Press Release: February 19, 2008
The O'Reilly School of Technology and Wolfram Research Announce Special Licensing Agreement: OST to Develop a New, Web 2.0 Offering of Mathematica The O'Reilly School of Technology (OST) has announced an agreement with Wolfram Research to create a Web 2.0 version of Mathematica. Long recognized as the world's most powerful mathematical software system, Mathematica was originally conceived of by Stephen Wolfram two decades ago. Since then program has steadily grown in breadth and depth to become an unparalleled platform for all forms of computing. Given the power of Mathematica as tool for visualizing and understanding mathematics, the pairing of Mathematica with OST's innovative online teaching model was seen as a logical, strategic development to all parties involved.
Called "Hilbert" after the influential German mathematician, David Hilbert, the newly licensed software will be browser accessible and, utilizing AJAX technologies, will emulate the desktop version of the software with remarkable fidelity. "The magic of AJAX will allow OST to combine or 'mash-up' Mathematica with other web-based technologies to deliver and support high quality science and mathematics courses online such as the Calculus&Mathematica courses currently taught through NetMath at the University of Illinois and other universities," explains Scott Gray, Director of the O'Reilly School of Technology. According to Gray, development of the "Hilbert" is currently underway and courses will be available to students in the latter half of 2008.
"We're pleased to be able to support O'Reilly in this innovative endeavor. We're enthusiastic about O'Reilly's plans for this new educational paradigm," said Stephen Wolfram, CEO and Founder of Wolfram Research.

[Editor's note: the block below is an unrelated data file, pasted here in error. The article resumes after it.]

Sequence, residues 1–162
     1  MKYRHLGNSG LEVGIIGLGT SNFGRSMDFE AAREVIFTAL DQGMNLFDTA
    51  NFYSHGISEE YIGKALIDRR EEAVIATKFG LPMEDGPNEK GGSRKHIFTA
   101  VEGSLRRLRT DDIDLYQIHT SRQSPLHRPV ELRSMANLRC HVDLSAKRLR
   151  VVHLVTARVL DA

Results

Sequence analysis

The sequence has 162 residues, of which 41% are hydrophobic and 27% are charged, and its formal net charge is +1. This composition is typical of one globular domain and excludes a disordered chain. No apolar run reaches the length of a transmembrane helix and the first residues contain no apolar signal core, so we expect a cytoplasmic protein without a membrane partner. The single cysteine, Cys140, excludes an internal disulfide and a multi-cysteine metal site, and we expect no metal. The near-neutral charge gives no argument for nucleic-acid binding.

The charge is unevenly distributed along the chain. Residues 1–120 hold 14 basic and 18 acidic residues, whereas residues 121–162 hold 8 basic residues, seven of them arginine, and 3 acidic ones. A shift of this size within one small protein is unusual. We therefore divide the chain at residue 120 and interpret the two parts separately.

"Mathematica has always been a great tool for learning mathematics," noted Tim O'Reilly. "Combining the new interactive capabilities of Mathematica 6.0 with Ajax technologies will make the learning experience even more powerful. We're delighted to play a part in bringing this opportunity to students."
The O'Reilly School of Technology bases its courses on the premise that for people to learn any skill they must immerse themselves in the skill and practice. The school employs an online learning technique called "useractive learning" in which the student or "user" is actively engaged in building and creating projects while the instructional material is presented. There are no presentation-heavy videos and simulations to sit through. Instead, the courses feature tutorial-style content and Learning Sandboxes(r) that contain easy-to-use, real, open programming environments in which the students try examples and work on projects.
Students at the O'Reilly School of Technology can earn a Certificate for Professional Development from the University of Illinois Office of Continuing Education upon completion of a selected series of courses. Certificates are currently offered in Client-Side Web Programming, Linux/Unix System Administration, Web Programming, Open Source Programming, and .NET Programming.
Click here for an interview with Scott Gray, the director of the O'Reilly School of Technology. Scott tells us how the pairing of Mathematica and OST came about and what this new development means for OST students.
For more information about the O'Reilly School of Technology, including a current list of certificate and courses, see: http://www.oreillyschool.com
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About Wolfram Research
Wolfram Research is the world's leading developer of computational software for science and technology, offering organization-wide computing solutions. Led by Mathematica, its flagship product, the company's software is relied on today by several million enthusiastic users around the world and has been the recipient of many industry awards. Wolfram Research was founded in 1987 by Stephen Wolfram, who continues to lead the company today. The company is headquartered in the United States, with offices in Europe and Japan. Go to http://www.wolfram.com for more information about Wolfram Research and its products.
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